Clinical Neuroscience

[Decisional collisions between evidence and experience based medicine in care of people with epilepsy]


[Background – Based on the literature and his long-term clinical practice the author stresses the main collisions of evidence and experience based medicine in the care of people with epilepsy. Purpose – To see, what are the professional decisions of high responsibility in the epilepsy-care, in whose the relevant clinical research is still lacking or does not give a satisfactory basis. Methods – Following the structure of the Hungarian Guideline the author points the critical situations and decisions. He explains also the causes of the dilemmas: the lack or uncertainty of evidences or the difficulty of scientific investigation of the situation. Results – There are some priorities of experience based medicine in the following areas: definition of epilepsy, classification of seizures, etiology – including genetic background –, role of precipitating and provoking factors. These are able to influence the complex diagnosis. In the pharmacotherapy the choice of the first drug and the optimal algorithm as well as the tasks during the care are also depends on personal experiences sometimes contradictory to the official recommendations. Same can occur in the choice of the non-pharmacological treatments and rehabilitation. Discussion and conclusion – Personal professional experiences (and interests of patients) must be obligatory accessories of evidence based attitude, but for achieving the optimal results, in some situations they replace the official recommendations. Therefore it is very important that the problematic patients do meet experts having necessary experiences and also professional responsibility to help in these decisions. ]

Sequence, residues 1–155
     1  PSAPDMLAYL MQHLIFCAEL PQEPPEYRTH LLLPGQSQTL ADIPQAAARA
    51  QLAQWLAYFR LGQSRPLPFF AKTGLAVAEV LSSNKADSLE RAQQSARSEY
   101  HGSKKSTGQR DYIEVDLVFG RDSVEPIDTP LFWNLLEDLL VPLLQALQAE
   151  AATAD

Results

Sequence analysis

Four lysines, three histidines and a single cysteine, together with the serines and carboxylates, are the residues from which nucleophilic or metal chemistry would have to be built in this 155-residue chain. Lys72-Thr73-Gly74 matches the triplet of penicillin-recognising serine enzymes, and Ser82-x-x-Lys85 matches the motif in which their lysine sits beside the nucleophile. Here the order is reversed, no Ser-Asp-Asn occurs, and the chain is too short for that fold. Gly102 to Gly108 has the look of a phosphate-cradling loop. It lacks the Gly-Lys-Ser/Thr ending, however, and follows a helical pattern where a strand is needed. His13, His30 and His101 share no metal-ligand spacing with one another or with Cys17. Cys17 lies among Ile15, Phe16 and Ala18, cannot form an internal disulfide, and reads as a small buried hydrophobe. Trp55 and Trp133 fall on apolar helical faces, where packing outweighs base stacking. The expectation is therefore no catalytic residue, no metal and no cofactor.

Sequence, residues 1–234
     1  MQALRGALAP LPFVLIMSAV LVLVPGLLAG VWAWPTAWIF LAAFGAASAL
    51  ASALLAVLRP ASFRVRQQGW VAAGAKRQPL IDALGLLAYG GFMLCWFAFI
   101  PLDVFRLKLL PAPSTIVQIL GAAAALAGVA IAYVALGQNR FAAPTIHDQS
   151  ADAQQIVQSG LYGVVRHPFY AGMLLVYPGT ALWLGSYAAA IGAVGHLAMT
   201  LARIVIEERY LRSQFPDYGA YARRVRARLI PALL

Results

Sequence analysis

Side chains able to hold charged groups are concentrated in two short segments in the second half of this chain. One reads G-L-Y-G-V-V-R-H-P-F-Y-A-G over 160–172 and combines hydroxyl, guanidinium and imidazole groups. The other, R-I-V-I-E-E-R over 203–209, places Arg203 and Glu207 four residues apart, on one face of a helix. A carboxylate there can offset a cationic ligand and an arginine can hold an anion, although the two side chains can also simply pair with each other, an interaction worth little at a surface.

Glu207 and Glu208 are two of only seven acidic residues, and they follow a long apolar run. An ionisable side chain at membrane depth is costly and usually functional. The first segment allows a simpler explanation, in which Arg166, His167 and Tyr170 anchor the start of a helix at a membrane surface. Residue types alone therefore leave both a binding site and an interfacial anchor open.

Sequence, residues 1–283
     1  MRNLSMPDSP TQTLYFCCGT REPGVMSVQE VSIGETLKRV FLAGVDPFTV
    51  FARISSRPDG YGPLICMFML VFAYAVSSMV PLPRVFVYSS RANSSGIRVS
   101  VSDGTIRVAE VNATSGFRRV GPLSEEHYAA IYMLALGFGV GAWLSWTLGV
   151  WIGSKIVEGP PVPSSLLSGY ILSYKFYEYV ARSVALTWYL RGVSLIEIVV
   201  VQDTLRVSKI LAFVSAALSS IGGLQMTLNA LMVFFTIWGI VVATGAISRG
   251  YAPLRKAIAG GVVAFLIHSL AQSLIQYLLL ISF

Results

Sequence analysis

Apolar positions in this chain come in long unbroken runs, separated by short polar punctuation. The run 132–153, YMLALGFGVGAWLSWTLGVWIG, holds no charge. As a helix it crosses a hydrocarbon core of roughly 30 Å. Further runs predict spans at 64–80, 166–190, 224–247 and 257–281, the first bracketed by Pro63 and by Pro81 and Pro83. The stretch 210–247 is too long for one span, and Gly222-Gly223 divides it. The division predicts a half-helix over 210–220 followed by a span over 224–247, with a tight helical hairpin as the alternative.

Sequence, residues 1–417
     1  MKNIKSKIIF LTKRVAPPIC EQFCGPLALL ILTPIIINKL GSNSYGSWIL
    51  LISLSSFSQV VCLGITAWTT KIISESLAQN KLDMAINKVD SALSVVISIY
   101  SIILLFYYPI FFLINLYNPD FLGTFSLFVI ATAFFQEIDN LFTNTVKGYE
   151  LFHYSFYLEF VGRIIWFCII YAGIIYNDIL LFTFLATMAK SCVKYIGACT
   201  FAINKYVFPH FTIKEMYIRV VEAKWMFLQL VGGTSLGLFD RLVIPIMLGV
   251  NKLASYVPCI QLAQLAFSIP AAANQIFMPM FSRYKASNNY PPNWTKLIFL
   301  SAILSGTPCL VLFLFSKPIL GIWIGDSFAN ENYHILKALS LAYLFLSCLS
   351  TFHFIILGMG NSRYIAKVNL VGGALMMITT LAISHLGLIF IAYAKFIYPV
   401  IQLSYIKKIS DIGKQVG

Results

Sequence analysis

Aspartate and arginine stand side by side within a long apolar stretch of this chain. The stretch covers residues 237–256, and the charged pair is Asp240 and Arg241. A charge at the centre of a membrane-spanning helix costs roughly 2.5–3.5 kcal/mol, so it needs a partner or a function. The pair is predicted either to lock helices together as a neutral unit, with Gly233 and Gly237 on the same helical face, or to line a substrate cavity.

[New findings in the cortical bone biology and its role in bone fractures]


[The authors surveyed the already known factors responsible for the osteoporotic bone fragility. Then the results of using modern imaging techniques (micro-CT, high-resolution peripheral computed quantitative tomograph - HR-pQCT) and advanced computer analytic methods (finite element analysis, FEA) are presented. These data - beyond the already known fracture risk factors (age, risk of falling, bone mineral density - BMD, and fine structure damage of trabecular bone) are stressing the importance of the (micro)damage of cortical bone as a fracture risk factor, which has been still underrated. The cortical thickening and increased porosity - verified on various population samples - are increasing the risk of fractures in certain subgroups of subjects having identical BMD values, even among those, who are considered only osteopenic by the earlier classification based on BMD values. Backed with modern software batteries, the new imaging techniques are expected to enter clinical application in the near future. Pharmacologic agents with stronger cortical effect are already available and research is continuing to find new drugs to use in the management of osteoporotic patients of high fracture risk.]

Clinical Neuroscience

[Clinical neurophysiological methods in diagnosis and treatment of cerebrovascular diseases]

NAGY Ildikó, FABÓ Dániel

[Neurophysiological methods are gaining ground in the diagnosis and therapy of cerebrovascular disease. While the role of the EEG (electroencephalography) in the diagnosis of post-stroke epilepsy is constant, quantitative EEG para-meters, as new indicators of early efficiency after thrombolysis or in prognosis of patient’s condition have proved their effectiveness in several clinical studies. In intensive care units, continuous EEG monitoring of critically ill patients became part of neurointenzive care protocols. SSEP (somatosesnsory evoked potencial) and EEG performed during carotid endarterectomy, are early indicative intraoperativ neuromonitoring methods of poor outcome. Neurorehabilitation is a newly discovered area of neurophysiology. Clinical studies have demonstrated the effectiveness of repetitive transcranial magnetic stimulation (rTMS) in the rehabilitation of stroke patients. Brain computer interface mark the onset of modern rehabi-litation, where the function deficit is replaced by robotic tehnology. ]